EDMONTON – Alberta’s government is helping more women and men train for good-paying jobs in the commercial trucking and transportation industries.
Commercial driving grants totalling $30 million over three years will support unemployed and underemployed Albertans returning to the workforce, while ensuring that drivers receive mandatory training that helps them be safe on the road.
“We are building on the success of the Driving Back to Work grant program that has helped hundreds of Albertans retrain for a career in the transportation sector. It’s important that we continue to support an industry that’s facing a labour shortage by putting more drivers on our roads,” states Rajan Sawhney, Minister of Transportation.
Annual funding of $10 million for the next three years is earmarked for the Driving Back to Work program to encourage more women to enter the trucking industry and for online and simulator training.
“The Alberta government’s investment in women in the commercial driving industry shows that representation matters and truly makes a difference. A career behind the wheel provides exceptional opportunities for our graduates to reach financial independence,” said Carol Moen, president and CEO, Women Building Futures.
“This announcement recognizes and supports a safe, resilient and evolving supply chain for all Albertans. We thank the Alberta government for this funding, which will help remove roadblocks for careers in the commercial transportation industry and help maintain the efficient transport of people and goods,” adds Chris Nash, president, Alberta Motor Transport Association.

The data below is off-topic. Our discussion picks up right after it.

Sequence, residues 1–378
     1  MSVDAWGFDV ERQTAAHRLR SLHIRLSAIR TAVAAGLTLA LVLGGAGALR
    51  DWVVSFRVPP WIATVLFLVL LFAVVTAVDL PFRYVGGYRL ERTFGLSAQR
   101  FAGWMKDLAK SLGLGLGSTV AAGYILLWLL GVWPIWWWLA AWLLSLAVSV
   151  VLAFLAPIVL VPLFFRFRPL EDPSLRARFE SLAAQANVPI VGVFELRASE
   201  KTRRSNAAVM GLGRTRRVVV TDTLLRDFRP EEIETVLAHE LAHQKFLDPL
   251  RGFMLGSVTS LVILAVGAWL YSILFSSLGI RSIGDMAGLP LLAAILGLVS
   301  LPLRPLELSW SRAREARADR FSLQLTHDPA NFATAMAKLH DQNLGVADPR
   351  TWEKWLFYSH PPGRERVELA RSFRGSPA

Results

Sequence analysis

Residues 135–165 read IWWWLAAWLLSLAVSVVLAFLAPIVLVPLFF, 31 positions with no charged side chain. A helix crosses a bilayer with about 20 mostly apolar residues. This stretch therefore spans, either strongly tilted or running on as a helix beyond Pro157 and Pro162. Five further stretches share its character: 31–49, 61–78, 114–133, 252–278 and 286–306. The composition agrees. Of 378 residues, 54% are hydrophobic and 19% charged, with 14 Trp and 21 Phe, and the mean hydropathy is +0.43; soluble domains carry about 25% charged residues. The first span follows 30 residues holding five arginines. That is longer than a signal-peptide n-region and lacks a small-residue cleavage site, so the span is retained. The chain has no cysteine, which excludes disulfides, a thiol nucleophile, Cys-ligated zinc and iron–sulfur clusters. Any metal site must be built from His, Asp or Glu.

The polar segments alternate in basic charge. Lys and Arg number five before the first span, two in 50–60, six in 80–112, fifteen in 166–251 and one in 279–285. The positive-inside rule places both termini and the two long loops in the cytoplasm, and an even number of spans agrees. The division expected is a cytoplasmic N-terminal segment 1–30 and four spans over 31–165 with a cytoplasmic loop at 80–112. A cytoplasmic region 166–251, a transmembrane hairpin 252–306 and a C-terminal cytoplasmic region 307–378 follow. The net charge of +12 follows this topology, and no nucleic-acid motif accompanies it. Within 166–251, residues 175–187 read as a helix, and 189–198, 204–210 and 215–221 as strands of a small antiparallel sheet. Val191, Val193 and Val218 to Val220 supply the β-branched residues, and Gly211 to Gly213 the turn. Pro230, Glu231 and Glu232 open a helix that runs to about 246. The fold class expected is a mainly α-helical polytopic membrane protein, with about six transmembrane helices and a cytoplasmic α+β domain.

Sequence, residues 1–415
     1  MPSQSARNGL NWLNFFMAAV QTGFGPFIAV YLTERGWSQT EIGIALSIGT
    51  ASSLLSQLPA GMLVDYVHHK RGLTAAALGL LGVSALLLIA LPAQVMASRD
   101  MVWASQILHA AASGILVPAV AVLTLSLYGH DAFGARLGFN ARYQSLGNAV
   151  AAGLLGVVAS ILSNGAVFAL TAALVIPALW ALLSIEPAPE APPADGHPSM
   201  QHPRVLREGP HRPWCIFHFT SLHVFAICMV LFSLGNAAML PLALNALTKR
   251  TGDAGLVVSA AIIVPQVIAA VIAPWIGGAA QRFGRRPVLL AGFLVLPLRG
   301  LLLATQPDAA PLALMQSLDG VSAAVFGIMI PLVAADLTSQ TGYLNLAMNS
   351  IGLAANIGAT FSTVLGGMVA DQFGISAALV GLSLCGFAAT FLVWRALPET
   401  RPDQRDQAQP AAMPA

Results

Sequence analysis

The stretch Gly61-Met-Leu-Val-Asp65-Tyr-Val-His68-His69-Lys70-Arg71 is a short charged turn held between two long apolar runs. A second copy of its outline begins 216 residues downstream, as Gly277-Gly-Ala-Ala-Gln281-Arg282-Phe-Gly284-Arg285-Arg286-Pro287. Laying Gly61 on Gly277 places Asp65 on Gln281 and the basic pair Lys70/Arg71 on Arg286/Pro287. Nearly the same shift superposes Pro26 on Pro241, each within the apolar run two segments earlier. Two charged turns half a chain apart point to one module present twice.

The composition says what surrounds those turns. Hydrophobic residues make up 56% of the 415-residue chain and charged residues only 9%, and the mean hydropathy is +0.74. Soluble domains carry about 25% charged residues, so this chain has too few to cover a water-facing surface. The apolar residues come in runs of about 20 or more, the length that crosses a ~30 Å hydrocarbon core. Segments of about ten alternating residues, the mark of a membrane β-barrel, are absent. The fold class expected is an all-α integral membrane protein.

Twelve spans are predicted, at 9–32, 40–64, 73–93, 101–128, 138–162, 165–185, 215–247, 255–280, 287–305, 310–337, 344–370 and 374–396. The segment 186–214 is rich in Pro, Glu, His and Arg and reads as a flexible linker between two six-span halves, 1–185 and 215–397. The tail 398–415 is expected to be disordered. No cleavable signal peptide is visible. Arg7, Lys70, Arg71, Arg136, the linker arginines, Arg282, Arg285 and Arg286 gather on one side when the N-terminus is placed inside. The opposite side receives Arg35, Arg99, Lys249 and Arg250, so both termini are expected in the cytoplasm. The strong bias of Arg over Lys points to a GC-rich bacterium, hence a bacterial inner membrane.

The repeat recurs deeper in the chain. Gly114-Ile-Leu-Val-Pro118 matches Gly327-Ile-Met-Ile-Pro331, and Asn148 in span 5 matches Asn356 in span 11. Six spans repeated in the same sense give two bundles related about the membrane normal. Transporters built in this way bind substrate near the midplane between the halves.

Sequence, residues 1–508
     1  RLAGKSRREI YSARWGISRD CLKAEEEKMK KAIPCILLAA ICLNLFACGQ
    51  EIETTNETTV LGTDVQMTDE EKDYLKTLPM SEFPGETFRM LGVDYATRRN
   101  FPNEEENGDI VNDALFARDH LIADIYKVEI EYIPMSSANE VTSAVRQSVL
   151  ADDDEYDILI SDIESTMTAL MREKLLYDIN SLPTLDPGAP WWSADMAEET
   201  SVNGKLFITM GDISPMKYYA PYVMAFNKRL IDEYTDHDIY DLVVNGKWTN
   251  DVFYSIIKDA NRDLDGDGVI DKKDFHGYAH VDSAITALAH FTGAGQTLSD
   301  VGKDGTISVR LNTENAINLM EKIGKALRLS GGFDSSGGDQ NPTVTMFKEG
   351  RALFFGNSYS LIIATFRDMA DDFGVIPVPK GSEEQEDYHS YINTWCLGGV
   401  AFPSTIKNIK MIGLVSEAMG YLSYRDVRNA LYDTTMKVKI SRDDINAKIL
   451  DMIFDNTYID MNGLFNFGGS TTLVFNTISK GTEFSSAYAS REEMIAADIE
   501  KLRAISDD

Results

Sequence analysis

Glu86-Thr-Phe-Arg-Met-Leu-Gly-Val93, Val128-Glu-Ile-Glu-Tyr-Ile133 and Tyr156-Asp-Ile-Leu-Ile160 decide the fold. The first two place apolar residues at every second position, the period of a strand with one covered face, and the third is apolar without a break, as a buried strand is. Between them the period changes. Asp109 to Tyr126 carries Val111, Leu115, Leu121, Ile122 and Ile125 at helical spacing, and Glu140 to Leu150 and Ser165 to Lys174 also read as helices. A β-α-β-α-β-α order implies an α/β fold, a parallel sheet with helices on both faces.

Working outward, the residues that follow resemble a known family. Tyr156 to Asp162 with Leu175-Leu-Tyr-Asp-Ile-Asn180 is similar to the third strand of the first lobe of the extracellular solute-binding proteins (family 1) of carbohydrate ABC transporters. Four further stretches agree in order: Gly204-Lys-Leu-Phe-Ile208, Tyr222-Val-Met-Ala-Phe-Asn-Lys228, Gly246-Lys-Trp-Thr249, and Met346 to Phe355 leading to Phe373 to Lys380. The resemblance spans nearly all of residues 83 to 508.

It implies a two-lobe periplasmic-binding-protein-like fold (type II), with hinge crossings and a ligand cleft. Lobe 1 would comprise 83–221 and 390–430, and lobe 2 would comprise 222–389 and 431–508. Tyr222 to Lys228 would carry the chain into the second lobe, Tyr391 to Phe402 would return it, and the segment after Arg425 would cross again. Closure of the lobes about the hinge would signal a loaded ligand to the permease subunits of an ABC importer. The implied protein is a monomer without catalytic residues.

Commercial drivers will also have the option to do their Class 1 road test in either an automatic or manual transmission vehicle starting in early 2023. This change recognizes the reality of the modern trucking industry where more than half of the trucks on Alberta roads have automatic transmissions. Drivers who are tested and passed on an automatic transmission will be limited to driving automatic trucks only.
- Annual commercial driver training grants include:
- $6 million for the Driving Back to Work grant program to support unemployed Albertans
- $3 million to support women returning to the workforce and underemployed Albertans
- $1 million towards developing online and virtual reality simulator training
- The Driving Back to Work grant program currently supports unemployed Albertans, including women, by covering
90 per cent of Class 1 Mandatory Entry Level Training.
- Since November 2020, Alberta has invested $8 million in the Driving Back to Work grant program to support 800 unemployed Albertans completing Mandatory Entry Level Training (MELT) to obtain a Class 1 licence.
- According to Labour and Immigration’s September 2021 data, 41,000 Albertans identify “truck driver” as their occupation. Of these, 38,500 are employed and 1,600 are unemployed.
- It is estimated that by 2023 there will be a shortage of about 3,600 commercial drivers in Alberta.
- More than 50 per cent of all goods in Alberta are delivered by truck.